Red Crown

Raising Daughters Of The King

Princesses that bring Honor to their Royal Father

Giving practical tips and encouragement to mommies of girls

Mending A Broken Relationship With Your DaughterJuly 2014

Often times, I am asked about broken or strained relationships between mothers and their daughters. (If there is a truly dysfunctional situation, I urge you to immediately seek a godly counselor who can help you find the cause and work through issues that otherwise will destroy a relationship.

If you feel the precious young lady that you are raising is struggling with wounds and brokenness that is damaging their emotional development, I urge you to find the godly counselor that God has already prepared to help this precious daughter of His.

If you live a fairly “normal” life, then I am inclined to think that you have or will experience strained relationships between loving mothers and loving daughters at some time or occasions. Plenty of authors have written about it, as if it must be a part of growing up.

Just like the terrible two’s are a necessary time for most little ones so that they can begin to develop their unique personality with their own likes and opinions. As a girl grows into an independent young lady, once more, there is the need for development of her own opinions in life, and the nest must become a little uncomfortable.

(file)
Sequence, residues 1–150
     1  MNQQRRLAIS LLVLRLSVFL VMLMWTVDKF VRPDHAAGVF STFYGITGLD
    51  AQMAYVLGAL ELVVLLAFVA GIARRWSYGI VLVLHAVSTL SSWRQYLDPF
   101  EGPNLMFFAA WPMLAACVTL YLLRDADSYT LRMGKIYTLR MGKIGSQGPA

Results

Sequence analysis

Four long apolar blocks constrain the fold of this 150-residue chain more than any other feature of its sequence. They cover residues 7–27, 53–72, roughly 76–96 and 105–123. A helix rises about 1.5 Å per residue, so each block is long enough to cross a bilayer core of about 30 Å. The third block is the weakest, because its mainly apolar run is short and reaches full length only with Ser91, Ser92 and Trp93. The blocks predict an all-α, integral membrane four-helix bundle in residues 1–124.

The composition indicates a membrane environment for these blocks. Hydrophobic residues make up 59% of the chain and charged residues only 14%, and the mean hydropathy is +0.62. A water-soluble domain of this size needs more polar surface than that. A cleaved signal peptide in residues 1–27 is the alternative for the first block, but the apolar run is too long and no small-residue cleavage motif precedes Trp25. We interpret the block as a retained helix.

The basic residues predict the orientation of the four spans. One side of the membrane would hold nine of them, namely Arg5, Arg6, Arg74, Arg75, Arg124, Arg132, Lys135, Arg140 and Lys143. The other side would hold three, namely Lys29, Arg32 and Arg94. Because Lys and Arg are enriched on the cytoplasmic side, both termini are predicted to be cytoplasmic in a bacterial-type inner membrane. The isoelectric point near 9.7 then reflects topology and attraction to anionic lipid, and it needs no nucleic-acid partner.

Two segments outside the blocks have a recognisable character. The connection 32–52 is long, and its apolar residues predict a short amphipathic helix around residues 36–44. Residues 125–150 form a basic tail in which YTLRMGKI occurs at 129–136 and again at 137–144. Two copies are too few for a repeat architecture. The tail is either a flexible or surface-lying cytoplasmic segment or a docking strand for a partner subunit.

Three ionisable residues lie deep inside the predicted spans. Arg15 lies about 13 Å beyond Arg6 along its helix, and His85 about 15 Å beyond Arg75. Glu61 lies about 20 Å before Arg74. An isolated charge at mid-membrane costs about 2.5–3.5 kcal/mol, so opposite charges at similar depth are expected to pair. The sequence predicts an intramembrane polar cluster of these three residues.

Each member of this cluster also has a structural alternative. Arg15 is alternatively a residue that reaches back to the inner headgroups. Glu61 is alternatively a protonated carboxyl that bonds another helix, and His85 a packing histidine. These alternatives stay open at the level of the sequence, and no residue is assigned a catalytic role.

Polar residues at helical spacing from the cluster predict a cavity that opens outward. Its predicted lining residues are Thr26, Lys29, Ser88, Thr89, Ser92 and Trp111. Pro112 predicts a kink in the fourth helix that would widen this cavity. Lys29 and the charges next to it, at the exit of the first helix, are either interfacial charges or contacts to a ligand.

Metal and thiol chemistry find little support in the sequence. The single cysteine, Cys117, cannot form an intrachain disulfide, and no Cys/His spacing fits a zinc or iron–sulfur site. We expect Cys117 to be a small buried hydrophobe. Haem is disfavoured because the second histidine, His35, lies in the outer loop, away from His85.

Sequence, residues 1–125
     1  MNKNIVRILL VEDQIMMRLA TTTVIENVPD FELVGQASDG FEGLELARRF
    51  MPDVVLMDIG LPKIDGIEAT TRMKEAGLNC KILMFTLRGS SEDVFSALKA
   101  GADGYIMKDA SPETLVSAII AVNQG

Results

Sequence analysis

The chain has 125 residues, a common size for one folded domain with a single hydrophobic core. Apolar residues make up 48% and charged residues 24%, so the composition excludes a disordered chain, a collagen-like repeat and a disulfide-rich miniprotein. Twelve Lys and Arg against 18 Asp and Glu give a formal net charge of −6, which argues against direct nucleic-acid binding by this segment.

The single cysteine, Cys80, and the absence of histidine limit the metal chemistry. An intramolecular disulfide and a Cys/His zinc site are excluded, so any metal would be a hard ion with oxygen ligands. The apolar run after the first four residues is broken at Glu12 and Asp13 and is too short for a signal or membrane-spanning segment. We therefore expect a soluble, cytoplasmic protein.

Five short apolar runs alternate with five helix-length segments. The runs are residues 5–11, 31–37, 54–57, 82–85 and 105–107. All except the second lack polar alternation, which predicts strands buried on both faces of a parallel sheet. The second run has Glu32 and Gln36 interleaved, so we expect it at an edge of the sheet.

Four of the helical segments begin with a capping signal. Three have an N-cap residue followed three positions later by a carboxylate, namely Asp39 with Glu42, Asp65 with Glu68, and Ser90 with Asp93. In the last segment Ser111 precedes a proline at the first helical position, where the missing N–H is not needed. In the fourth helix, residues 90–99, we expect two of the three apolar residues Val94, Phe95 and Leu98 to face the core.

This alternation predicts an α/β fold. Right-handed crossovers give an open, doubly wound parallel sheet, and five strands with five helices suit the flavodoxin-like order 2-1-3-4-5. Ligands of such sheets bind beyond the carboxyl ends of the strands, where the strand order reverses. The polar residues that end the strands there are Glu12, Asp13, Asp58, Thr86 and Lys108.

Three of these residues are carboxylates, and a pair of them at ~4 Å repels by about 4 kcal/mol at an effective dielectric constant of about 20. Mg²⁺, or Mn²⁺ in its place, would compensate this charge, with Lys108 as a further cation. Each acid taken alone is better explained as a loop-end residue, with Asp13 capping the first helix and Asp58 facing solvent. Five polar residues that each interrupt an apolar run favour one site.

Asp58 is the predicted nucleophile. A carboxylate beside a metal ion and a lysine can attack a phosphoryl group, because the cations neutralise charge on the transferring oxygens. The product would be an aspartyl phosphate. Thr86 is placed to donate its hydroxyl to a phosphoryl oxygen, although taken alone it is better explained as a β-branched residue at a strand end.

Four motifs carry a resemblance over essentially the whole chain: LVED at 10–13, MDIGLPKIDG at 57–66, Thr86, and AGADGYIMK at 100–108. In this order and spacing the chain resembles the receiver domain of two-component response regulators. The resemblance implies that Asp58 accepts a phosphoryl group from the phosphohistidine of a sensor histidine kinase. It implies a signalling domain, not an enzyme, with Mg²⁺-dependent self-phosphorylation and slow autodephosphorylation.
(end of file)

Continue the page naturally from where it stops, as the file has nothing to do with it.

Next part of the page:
So how do we, as moms, allow the child to become a strong, independent woman without jeopardizing our own identity as “mommy” and, at the same time, keep a healthy, unbroken relationship with that precious daughter? How do we mend a relationship that has already become strained? Maybe the question really is: Is it even possible to repair a damaged relationship?

At times, I’m sure there are many tears from both mom and daughter as they each long for a loving relationship. But the good news is found in (Mark 9:23) “…If you can believe, all things are possible…”. I believe the key is still: control of the Holy Spirit.

I am not saying that if you find relationships strained that you have failed to walk with God and deserve judgment. But I do believe, however, that these difficulties are allowed in our lives so that we can come to know a new side, a deeper life of prayer, and communion with our God. After all, He knows the pain of a parent when this fellowship is broken as time and time again His people walked away from Him. He offers the solution to the seeker.

So though there is not enough space in a short newsletter to work through possible scenarios here, may I take this moment to say that God is big enough for even this kind of problem? Begin with prayer, or perhaps I should say, “Continue in prayer,” and listen to the Holy Spirit as He guides you into His truths about your personal situation. Realize that the relationship is worth fighting for as you seek ways to give and take with your daughter.

Seek Godly counsel. And, be willing to pay the price for something that is as valuable as an exquisite pearl — lasting friendship with your daughter.

More to come on this topic in the future, including answers to specific questions you've asked.